It would be worthwhile making sure you can see those similar triangles, before leaving this problem.

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NascentOxygen
Staff Emeritus
I guess this is where I am really stuck. Without a given angel for ....
Fingers crossed that you'll have that angel on your shoulder during exams! http://thumbnails112.imagebam.com/37333/0363e9373324851.jpg [Broken]

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Fingers crossed that you'll have that angel on your shoulder during exams! http://thumbnails112.imagebam.com/37333/0363e9373324851.jpg [Broken]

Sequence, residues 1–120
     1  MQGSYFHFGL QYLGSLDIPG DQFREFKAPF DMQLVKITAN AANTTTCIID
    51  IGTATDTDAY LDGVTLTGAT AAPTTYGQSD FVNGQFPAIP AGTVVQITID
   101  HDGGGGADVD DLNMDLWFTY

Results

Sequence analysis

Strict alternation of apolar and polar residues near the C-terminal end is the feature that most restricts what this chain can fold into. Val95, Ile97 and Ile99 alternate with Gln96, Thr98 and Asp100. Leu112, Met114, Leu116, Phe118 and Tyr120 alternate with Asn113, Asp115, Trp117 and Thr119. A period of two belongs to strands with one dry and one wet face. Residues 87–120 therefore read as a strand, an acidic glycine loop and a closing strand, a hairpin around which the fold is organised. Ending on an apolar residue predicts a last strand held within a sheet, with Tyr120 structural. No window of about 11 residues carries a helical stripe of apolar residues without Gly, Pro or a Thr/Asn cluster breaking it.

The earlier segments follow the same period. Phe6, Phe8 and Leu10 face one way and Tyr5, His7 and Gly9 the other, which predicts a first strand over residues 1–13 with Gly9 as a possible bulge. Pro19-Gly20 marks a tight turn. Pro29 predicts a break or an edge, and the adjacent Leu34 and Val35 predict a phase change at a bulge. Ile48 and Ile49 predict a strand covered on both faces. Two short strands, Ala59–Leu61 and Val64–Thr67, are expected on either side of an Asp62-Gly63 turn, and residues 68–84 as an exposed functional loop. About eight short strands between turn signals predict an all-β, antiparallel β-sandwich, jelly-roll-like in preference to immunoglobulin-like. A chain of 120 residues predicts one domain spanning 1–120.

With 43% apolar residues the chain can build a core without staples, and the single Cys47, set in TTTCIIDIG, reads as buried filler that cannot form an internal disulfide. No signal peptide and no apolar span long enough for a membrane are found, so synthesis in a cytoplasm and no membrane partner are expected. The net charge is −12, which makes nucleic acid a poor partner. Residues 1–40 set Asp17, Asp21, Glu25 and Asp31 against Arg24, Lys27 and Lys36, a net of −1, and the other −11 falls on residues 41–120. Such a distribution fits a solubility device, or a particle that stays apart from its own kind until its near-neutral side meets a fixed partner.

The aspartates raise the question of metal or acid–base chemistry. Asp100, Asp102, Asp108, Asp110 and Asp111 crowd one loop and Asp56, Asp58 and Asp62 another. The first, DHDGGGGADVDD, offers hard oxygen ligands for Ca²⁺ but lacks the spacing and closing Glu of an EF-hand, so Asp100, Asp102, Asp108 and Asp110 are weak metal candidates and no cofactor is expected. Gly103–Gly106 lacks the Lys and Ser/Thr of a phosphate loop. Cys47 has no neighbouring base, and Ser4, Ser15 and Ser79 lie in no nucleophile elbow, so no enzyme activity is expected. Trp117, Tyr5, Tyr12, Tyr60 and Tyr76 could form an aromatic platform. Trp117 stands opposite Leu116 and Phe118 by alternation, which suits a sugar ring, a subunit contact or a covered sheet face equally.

haha, good catch ;)

I tend to type too fast and not proofread enough...
Thank you for your help. I appreciate it!
Happy Holidays
Cheers

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NascentOxygen
Staff Emeritus
The key is that you put the work in ( force * distance) which is equal to the final PE (m*g*h)
So :
250 * d = m * g * h
You may do the rest.
That's an interesting alternative way to work this problem. Perfectly valid, and a good way to confirm ones understanding of kinetics. Well done.

• keithcuda
Heres the excel check sheet (tidied up version) for proof.
The tan cells are inputs (vary if you wish).
Dont exceed the maximum slope angle (Am)
(ive used 10° as an example , alter as you wish)
The two blue cells match regardless of the slope value.
Regards.
Dean

#### Attachments

• jotter.xlsx
11.1 KB · Views: 165
ps work down the sheet from the top, confirm the max allowable incline angle, then input the incline angle (A)

Thats awesome! Thanks a lot..